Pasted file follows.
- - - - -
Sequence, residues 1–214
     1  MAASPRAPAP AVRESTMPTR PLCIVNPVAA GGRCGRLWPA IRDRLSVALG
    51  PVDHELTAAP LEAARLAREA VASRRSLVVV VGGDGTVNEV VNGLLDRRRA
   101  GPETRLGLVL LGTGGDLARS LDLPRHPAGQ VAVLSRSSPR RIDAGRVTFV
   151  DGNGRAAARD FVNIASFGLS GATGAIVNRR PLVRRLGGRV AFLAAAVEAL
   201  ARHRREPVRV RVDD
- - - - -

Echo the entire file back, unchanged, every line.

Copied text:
Sequence, residues 1–214
     1  MAASPRAPAP AVRESTMPTR PLCIVNPVAA GGRCGRLWPA IRDRLSVALG
    51  PVDHELTAAP LEAARLAREA VASRRSLVVV VGGDGTVNEV VNGLLDRRRA
   101  GPETRLGLVL LGTGGDLARS LDLPRHPAGQ VAVLSRSSPR RIDAGRVTFV
   151  DGNGRAAARD FVNIASFGLS GATGAIVNRR PLVRRLGGRV AFLAAAVEAL
   201  ARHRREPVRV RVDD